I love the internet! It's given me so much and plays a huge role in the business side of my art career. It's where I get the majority of my opportunities and where most of my clients and collectors find me too.

As much as I love it though I do feel more of a desire to define my boundaries around it for myself and my creative work especially lately.

I'm creating some new work right now and really feel a desire to cocoon and I don't want to share it because I'm not ready.  I had been putting pressure on myself to share because "that's what you're supposed to do" but had to ask myself why?  I need to be able to make work for a while without any feedback or too much input from others work.

Photo by: Britney Berrner  @britneyvb

2. Where do you find inspiration for your work?  In what ways has the internet and/or social media impacted your design process?

My life and my experiences are where I find my inspiration! Some recent inspiring adventures include a visit to the Vancouver Art Gallery, ROVE an art walk I also showed work in and a heritage home tour in my neighbourhood. Today I'm going to visit some used bookstores and go on a walk on the Fraser River for a little boost of inspiration. Instagram and all the art available to view online is great but there is nothing like real life inspiration!

Photo by: Nicole Wong @tokyo_to
Tara Galuska CactusArtwork.jpg
Photos by: Nicole Wong @tokyo_to
Tara Galuska Snake Plant Artwork.jpg

3. Sites like Pinterest and Instagram are popular places for artists’ to share their own work. They also act as public visual archives, often leading to creative work by others that walks the line between ‘inspiration’ and ‘infringement.’ Have you encountered copies of your work online and how does it affect you? What are your strategies for dealing with it?

I had one of those experiences this morning actually! It used to feel like a punch in the gut but now it doesn't get under my skin so much or for as long.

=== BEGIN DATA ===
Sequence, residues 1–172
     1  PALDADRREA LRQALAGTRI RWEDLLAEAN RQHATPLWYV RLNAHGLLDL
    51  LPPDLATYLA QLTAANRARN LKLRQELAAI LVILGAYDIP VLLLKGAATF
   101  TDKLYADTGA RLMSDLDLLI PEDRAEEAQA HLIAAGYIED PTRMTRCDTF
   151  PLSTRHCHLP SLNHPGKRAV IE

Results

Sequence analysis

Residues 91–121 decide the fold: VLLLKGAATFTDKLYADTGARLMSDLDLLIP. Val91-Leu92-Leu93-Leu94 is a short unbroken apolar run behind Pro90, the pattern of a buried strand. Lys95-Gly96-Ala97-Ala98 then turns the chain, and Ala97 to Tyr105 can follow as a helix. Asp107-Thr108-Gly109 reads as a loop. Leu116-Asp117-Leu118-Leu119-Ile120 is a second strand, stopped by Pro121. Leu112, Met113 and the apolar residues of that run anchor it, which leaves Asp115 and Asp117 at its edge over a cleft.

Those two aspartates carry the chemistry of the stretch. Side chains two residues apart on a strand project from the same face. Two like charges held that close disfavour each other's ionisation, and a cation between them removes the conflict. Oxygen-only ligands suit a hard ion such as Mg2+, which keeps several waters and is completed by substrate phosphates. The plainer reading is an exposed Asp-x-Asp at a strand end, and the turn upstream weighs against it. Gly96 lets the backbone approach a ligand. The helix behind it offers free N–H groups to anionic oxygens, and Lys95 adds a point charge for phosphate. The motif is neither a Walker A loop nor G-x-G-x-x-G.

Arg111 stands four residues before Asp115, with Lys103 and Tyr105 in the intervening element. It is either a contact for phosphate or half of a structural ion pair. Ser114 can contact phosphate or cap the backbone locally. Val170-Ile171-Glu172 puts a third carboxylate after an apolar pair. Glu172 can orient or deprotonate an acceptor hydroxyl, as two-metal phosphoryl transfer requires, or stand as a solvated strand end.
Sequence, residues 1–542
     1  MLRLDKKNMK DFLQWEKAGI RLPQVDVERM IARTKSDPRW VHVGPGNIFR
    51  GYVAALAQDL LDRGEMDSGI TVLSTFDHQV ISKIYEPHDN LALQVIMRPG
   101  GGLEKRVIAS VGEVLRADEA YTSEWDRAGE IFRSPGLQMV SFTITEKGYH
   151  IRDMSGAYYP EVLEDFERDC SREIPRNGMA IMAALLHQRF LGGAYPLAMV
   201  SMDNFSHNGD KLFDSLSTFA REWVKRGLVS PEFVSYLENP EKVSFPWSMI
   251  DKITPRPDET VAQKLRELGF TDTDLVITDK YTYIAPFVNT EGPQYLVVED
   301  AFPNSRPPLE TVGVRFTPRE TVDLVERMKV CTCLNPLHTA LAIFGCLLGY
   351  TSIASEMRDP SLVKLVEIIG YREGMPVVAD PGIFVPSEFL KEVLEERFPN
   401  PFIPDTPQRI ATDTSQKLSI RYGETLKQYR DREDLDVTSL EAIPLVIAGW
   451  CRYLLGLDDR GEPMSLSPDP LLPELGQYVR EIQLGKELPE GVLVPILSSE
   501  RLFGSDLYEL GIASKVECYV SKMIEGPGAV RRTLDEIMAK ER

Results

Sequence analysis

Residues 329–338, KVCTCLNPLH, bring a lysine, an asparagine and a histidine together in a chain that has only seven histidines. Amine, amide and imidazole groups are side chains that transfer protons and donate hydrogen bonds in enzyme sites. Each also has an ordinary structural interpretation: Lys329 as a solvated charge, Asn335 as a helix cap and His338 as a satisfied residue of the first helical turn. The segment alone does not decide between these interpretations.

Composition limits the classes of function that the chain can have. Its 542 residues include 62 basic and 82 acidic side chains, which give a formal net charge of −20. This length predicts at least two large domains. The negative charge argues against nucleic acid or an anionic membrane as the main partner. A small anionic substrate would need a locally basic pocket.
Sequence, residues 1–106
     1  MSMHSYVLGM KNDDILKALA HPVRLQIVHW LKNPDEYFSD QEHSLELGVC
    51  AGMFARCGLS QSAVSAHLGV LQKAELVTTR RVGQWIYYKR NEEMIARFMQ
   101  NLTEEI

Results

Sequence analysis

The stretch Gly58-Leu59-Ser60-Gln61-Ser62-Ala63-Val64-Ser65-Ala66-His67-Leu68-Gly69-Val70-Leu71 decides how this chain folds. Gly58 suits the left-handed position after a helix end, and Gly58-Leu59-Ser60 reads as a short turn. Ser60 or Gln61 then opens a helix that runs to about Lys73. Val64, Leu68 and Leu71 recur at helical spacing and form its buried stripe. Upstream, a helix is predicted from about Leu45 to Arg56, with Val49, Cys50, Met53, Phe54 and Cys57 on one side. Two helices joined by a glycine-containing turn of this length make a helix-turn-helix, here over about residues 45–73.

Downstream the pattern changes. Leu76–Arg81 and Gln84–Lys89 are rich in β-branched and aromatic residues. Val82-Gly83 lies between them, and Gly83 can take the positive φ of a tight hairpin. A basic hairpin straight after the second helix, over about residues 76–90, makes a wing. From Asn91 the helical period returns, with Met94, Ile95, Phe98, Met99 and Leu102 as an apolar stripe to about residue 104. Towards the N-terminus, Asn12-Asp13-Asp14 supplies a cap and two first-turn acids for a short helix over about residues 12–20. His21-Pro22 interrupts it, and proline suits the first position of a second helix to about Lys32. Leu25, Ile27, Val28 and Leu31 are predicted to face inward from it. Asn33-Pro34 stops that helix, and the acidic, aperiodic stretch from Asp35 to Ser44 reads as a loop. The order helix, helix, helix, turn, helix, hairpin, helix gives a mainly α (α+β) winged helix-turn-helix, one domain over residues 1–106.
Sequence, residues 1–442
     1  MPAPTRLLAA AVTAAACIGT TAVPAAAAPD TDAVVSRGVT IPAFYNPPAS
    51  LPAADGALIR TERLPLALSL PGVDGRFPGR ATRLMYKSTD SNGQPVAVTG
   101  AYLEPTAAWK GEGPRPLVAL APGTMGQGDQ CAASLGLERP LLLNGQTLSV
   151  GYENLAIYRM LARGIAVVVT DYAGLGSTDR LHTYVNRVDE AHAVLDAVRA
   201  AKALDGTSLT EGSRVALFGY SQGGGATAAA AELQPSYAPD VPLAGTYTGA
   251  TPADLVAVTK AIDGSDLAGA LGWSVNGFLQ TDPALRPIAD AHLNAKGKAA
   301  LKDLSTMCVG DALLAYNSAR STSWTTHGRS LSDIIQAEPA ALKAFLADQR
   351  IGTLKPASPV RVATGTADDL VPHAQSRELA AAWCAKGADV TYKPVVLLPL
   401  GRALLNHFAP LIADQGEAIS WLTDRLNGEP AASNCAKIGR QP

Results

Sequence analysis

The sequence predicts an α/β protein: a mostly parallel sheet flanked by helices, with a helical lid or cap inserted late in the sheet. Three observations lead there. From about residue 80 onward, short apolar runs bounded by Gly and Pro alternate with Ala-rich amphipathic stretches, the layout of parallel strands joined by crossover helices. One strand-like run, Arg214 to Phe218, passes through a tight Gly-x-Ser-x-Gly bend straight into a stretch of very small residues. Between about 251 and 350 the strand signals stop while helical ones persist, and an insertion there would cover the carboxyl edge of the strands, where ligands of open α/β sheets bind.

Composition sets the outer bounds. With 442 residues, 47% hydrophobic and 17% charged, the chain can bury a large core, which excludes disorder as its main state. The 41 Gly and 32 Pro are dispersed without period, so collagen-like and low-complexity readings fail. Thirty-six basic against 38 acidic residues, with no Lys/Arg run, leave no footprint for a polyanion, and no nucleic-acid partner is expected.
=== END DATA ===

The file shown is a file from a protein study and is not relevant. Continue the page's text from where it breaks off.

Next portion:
I am only in competition with myself and that is my main focus. I feel so grateful to be a creative person because I am always coming up with new work and ideas and asking myself what is next? Where is my work going? How can I push this?

I don't like being copied but I do like when I have inspired someone to explore their own creativity! That is one of the many things that makes putting my work out there worth it, even if it may mean dealing with a few copies here and there.

Photo by: Nicole Wong @tokyo_to
Snake Plant Tara Galuska.jpg

4. Do you have any advice for aspiring artists or creative business people?

I would not be where I am without the support and accountability that I get from my community and I encourage artists and creative business people to find yours or even make your own!

Being an artist and the sole person working on my business can be very lonely and often overwhelming. It was something I really struggled with and fortunately that turned around when I found THRIVE a community for female visual artists.

Tiny Plant Art Tara Galuska.jpg
Photo by: Nicole Wong @tokyo_to

5. Do you have any favorite blogs, artists, or Instagram accounts that you’d like to share?

Some artists I am very excited by at the moment include @jonburgerman, Natalie Baxter and @aimeehennybrown. Also while it is not specifically an art account @chillwildlife is everything good about the internet!

Snake Plant Tara Galuska Paper Art.jpg
Photo by: Nicole Wong @tokyo_to
Photos by: Nicole Wong @tokyo_to

All photos provided by the artist